The facility was approved in 1976. The property was zoned General Commercial when the applicant a made application. During the review process the City changed the zoning to include PUD. Since the property was developed the underlying zoning has been changed to Community Commercial/PUD. The buildings are single story with overhead doors accessing the units.

11365 Robinson Drive
This facility was approved in 1986. The applicant was granted site plan and special use permit approval. The property was zoned General Commercial at the time of application and remains General Commercial today. The buildings are typical single story with overhead doors. In 1997, the facility was expanded to its current configuration. The 1997 approval included the two story building and outdoor storage for up to 4 vehicles.

9909 Vale Street
The site plan for this facility was approved in 1987. The property was zoned Industrial at the time of application. The zoning remains Industrial today, but is within the River Rapids Overlay District. The property was included in the River Rapids Overlay District several years after it was constructed. The buildings are typical single story with overhead doors. Outdoor storage was included in the approval.

10201 Woodcrest Drive
The site plan and special use permit for this facility was approved in 1988. The property was zoned General Commercial at the time of application and remains General Commercial today. The buildings are typical one story with overhead doors.

3476 Coon Rapids Boulevard
The site plan and conditional use permit for this facility was approved in 2001. The approval also included truck and trailer rental. The property was zoned General Commercial at the time of application and remains General Commercial today. It was included in the River Rapids Overlay District shortly after it was constructed. The storage is indoors within a two story building.

11230 University Avenue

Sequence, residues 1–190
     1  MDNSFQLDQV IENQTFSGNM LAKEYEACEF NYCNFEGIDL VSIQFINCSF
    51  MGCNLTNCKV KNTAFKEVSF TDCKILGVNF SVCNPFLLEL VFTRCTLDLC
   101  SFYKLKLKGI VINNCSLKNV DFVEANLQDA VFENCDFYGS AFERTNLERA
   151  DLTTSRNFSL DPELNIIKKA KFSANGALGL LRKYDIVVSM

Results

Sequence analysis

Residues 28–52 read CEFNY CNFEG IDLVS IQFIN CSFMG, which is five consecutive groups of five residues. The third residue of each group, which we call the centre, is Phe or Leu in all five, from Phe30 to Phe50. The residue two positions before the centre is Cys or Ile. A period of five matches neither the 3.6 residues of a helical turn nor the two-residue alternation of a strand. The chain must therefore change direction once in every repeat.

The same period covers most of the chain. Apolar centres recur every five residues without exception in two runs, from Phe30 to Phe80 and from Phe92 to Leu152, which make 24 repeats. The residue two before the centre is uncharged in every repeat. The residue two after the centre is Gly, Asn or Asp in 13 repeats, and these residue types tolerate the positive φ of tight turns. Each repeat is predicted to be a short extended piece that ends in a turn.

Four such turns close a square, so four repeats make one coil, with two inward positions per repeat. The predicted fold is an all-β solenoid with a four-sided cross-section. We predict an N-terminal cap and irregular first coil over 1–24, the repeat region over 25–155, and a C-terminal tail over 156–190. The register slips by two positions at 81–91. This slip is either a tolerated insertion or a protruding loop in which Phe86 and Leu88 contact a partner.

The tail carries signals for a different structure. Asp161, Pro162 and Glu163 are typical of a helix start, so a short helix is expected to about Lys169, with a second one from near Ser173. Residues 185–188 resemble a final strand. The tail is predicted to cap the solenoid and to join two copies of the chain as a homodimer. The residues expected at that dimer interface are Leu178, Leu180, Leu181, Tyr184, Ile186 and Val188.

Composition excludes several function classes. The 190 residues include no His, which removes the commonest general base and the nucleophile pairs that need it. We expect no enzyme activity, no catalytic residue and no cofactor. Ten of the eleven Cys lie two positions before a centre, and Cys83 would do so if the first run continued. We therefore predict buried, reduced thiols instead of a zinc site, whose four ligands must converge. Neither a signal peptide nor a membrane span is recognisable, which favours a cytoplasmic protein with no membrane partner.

The site plan and conditional use permit for this facility was approved in 1982. The property was zoned General Commercial at the time of application and remains General Commercial today. The buildings are typical one story with overhead doors. Outdoor storage was not included in the approval.

730 86th Avenue
The site plan and PUD was approved in 1999. The property was zoned Industrial at the time of application and remains Industrial/PUD today. The building is one story with overhead doors and there is no outdoor storage.

Approved Facilities

220 101st Avenue (Foley and 101st Avenue)
In November 2018, Council approved an amendment to a PUD to allow a 4-story indoor self-storage facility. The property has an underlying zoning of General Commercial. No outdoor storage was approved.

3021 124th Avenue
In April of this year the Planning Commission approved of a 3-story indoor self-storage facility. The property is zoned General Commercial. No outdoor storage was approved.

Comparison with Other Cities

Staff looked at the following cities for comparison: Blaine, Fridley, Andover, Anoka, Brooklyn Park and Champlin.  Two of the  cities (Blaine and Brooklyn Park) each have seven facilities and have similar community characteristics when compared to each other.  Coon Rapids has seven existing facilites, but also approved two new projects.  As such, Coon Rapids would have the highest number in comparison to neighboring communities.  Fridley has three facilities and Andover, Anoka and Champlin each have one.  Listed below are the comparisons: